In the context of this article we will use the term satellite for a machine that is launched into space and moves around Earth. And there might be a lot more of them than you would expect—this live maptracks a huge number of satellites.
Originally most of earth’s satellites were launched for scientific reasons. Some because of their unique ability to provide a view of a large area of the earth’s surface, and others because they are able to study space without having to deal with the atmosphere.
Today, a majority of the satellites in orbit are used in some form of communication. That's not surprising when you consider that Elon Musk's SpaceXis by far the largest operator of satellites. In September 2021, the total number of satellites amounted to 4550, with 1655 of them belonging to SpaceX. SpaceX’s Starlink satellite Internet program plans to send more than a thousand new satellites into orbit every year.
Commercial satellites, like Starlink, provide us with the ability to have things like Internet access, television, GPS, and scientific information about the weather and other processes in the atmosphere and on the surface.
On March 17, 2022, the Cybersecurity & Infrastructure Security Agency (CISA) published an alertin conjunction with the Federal Bureau of Investigation (FBI) which warned of possible threats to US and international satellite communication (SATCOM) networks.
Along with that alert came a reportthat provided mitigation strategies for SATCOM providers and their customers. And, as part of CISA’s Shields Upinitiative, all organizations are being asked to significantly lower their threshold for reporting and sharing indications of malicious cyberactivity.
On March 2, 2022 the current head of the Russian Roscosmos State Space Corporation, Dmitry Rogozin, saidthat Russia will consider any cyberattacks targeting Russian satellite infrastructure an act of war. This didn't seem to stop activist group NB65 from claiming that it had disabled WS02, the Rocosmos Vehicle Monitoring System.
On February 28, 2022 US-listed satellite communications firm Viasat Inc said it was investigating a suspected cyberattack that caused a partial outage in its residential broadband services in Ukraine and other European countries. Among other things, the outage caused a disruption of the remote monitoring and control of 5,800 wind turbines in Central Europe, with a total capacity of 11 gigawatt (GW).
Viasat operates large geostationary satellites. Geostationary means they are synchronized with the earth’s rotation, which results in a stationary orbit at a point about 35,000 kilometers from Earth.
Viasat’s geostationary approach is the traditional method of providing broadband service from space, but other operators, like Starlink, use satellites in low earth orbits. This requires more satellites, but provides higher speeds.
In answer to a request for Starlink support from Ukraine digital minister Mykhailo Fedorov, SpaceX’s CEO Elon Musk was quick to respond and promise help.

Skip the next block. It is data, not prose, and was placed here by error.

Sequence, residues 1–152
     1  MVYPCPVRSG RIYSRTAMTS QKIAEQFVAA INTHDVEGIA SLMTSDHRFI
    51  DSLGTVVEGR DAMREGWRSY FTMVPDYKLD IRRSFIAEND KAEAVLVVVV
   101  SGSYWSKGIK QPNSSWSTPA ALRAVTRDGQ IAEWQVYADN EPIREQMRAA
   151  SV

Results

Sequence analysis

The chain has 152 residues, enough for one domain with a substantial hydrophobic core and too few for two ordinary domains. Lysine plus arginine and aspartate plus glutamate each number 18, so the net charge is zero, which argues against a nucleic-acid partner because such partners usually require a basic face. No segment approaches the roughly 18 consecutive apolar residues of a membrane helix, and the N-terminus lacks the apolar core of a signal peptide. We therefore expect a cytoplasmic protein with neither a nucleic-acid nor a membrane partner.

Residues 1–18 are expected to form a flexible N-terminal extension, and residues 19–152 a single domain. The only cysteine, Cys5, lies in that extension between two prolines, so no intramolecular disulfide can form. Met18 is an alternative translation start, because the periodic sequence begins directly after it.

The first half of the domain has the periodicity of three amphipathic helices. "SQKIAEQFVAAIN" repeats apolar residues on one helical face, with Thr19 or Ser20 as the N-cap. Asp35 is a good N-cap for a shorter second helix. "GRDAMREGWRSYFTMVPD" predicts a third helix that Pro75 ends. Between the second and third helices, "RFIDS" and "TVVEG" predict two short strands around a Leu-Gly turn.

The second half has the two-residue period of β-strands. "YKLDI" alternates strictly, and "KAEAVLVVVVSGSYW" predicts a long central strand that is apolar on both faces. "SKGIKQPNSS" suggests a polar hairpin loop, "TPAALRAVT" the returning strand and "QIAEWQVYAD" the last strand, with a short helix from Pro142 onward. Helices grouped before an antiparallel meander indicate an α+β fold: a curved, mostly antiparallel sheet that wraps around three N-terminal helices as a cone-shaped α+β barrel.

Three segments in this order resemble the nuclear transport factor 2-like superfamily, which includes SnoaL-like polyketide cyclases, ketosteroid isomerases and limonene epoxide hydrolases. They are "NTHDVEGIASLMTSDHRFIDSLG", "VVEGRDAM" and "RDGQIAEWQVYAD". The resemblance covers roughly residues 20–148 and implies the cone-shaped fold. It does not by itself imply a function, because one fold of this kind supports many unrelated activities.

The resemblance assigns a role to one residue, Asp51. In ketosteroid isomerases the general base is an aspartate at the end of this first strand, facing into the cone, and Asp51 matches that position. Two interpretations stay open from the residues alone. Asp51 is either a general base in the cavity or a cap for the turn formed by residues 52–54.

The examples above demonstrate how networks of satellites and space systems are vulnerable to cyberattack, and create a backdoor into the physical and digital systems we rely upon on a daily basis.
While we tend to think about other things first when we are discussing critical infrastructure, the underlying systems that enable technology functionality across these sectors often rely on space systems. For example, some high-tech farming equipment relies on GPS information provided by satellite.
Like so many other important assets, a lot of space systems were developed without cybersecurity in mind. Around the turn of the century, cybersecurity was not a big concern, and during the development of some systems no special cybersecurity parameters were deployed because engineers thought the technology was too advanced for a hacker to compromise.
It wasn’t until NASA set up the Cyber Defense Engineering and Research Group (CDER) that anyone looked at the unique cybersecurity requirements that distinguishes space mission systems from traditional firewalled data servers.
And it wasn’t until the end of 2016, that AT&T encrypted NASA’s Deep Space Network (DSN), after a report on how to hack into the Mars Roverappeared on the Internet.
If you know or suspect that an important part of your organization’s internal processes depends on satellite services, the CISA report provides some guidelines for customers of SATCOM providers:
- Use secure methods for authentication.
- Enforce principle of least privilege through authorization policies.
- Review existing trust relationships with IT service providers.
- Implement independent encryption across all communications links leased from, or provided by, your SATCOM provider.
- Strengthen the security of operating systems, software, and firmware, including vulnerability and patch management.
- Monitor network logs for suspicious activity and unauthorized or unusual login attempts.
- Create, maintain, and exercise a cyberincident response plan, resilience plan, and continuity of operations plan so that critical functions and operations can be kept running if technology systems—including SATCOM networks—are disrupted or need to be taken offline.
Stay safe, everyone!